Members of the public are also welcome to attend any meetings.

Contacting WBC in an emergency

You can also contact West Berkshire Council out of office hours for emergencies. These are considered to include:

  • Major incidents such as major accidents or significant flooding.
  • Fallen trees and other debris blocking or restricting roads or causing potential danger to road users.
  • Traffic lights not working (West Berkshire Council only manages fixed traffic lights, not temporary ones).
  • Emergency repairs to council-owned temporary accommodation (tenants of properties should contact their housing association, landlord or agent).


The sections above cover the main issues with which HTC has recently been involved or concerned: it by no means describes all of HTC’s activities. Nor is this an official record of any meeting nor of any other aspect of HTC’s activities. Links to the official minutes of this and other meetings are provided in this post. For more information on HTC, please click here.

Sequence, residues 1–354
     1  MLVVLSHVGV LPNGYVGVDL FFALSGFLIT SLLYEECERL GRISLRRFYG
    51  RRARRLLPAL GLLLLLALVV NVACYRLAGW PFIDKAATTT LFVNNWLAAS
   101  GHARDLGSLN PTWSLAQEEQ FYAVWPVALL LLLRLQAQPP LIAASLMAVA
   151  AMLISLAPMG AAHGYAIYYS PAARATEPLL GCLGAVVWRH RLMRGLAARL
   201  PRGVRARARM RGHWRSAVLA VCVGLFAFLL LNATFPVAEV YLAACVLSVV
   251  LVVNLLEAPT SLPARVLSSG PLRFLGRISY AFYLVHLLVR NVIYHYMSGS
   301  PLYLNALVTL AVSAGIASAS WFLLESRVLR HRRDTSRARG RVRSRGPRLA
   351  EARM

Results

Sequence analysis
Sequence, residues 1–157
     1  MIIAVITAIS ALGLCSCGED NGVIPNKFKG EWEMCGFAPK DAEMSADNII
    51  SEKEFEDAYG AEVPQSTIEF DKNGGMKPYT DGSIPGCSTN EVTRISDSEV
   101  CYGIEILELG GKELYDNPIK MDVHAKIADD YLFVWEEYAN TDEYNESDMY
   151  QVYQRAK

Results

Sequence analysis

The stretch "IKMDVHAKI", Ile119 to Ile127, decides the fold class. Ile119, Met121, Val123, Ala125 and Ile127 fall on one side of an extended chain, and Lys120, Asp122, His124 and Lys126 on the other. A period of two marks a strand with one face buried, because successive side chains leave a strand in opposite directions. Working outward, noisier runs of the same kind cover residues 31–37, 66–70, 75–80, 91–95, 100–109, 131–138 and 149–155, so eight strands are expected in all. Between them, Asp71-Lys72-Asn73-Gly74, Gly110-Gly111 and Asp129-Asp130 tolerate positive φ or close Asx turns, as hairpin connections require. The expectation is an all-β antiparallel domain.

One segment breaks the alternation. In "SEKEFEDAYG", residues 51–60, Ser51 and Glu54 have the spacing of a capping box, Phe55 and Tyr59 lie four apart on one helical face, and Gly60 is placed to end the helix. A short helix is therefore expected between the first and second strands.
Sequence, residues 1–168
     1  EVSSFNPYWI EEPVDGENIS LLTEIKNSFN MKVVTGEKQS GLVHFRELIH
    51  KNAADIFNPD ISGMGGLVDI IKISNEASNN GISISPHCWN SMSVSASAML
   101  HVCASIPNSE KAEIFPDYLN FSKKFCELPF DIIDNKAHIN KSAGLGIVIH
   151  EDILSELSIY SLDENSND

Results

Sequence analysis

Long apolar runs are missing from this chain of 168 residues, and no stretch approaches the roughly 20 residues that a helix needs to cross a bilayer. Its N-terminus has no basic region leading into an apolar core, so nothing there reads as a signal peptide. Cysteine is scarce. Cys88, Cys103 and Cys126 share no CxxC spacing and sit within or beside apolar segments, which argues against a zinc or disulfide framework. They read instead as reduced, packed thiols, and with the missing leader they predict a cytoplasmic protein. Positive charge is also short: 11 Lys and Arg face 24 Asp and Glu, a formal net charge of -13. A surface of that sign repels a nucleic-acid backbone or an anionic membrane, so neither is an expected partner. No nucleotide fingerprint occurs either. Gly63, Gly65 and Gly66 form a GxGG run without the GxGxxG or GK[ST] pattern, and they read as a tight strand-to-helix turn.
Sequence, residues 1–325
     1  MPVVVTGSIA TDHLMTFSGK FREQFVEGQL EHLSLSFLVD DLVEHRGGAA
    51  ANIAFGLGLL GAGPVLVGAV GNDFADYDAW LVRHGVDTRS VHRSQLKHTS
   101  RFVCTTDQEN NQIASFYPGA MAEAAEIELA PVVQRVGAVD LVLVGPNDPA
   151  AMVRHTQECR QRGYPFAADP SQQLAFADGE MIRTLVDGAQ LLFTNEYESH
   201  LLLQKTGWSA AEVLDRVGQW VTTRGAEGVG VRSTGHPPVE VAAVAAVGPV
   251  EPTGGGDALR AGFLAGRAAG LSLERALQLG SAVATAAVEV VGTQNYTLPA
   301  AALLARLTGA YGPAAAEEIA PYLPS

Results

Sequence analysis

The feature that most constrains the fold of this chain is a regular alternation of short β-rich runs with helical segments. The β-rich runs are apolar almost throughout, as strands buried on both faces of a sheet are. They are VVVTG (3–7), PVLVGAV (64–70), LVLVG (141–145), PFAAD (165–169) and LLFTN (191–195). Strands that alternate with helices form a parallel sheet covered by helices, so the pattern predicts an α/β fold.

If there’s anything that you’d like to see addressed by HTC, and perhaps also covered in this way in future editions of Penny Post Hungerford, please email Any such suggestions should be received at least four working days before the end of the month (and preferably sooner) if they are to be included in the corresponding post for the following month. That is not, of course, to say that HTC will not in any case give the matter its attention and respond personally if appropriate.

This information has been compiled by Penny Post from information supplied by HTC and others. Every reasonable effort has been made to provide a clear and dispassionate summary of the points covered but these may contain expressions of opinion which may not accord with HTC’s official view on the matter. Links have been provided to other posts, on the Penny Post site or elsewhere, to give additional information where this has been judged useful or necessary. The presence of such a link should not be taken to imply that HTC necessarily agrees with, endorses or supports any of the material contained therein.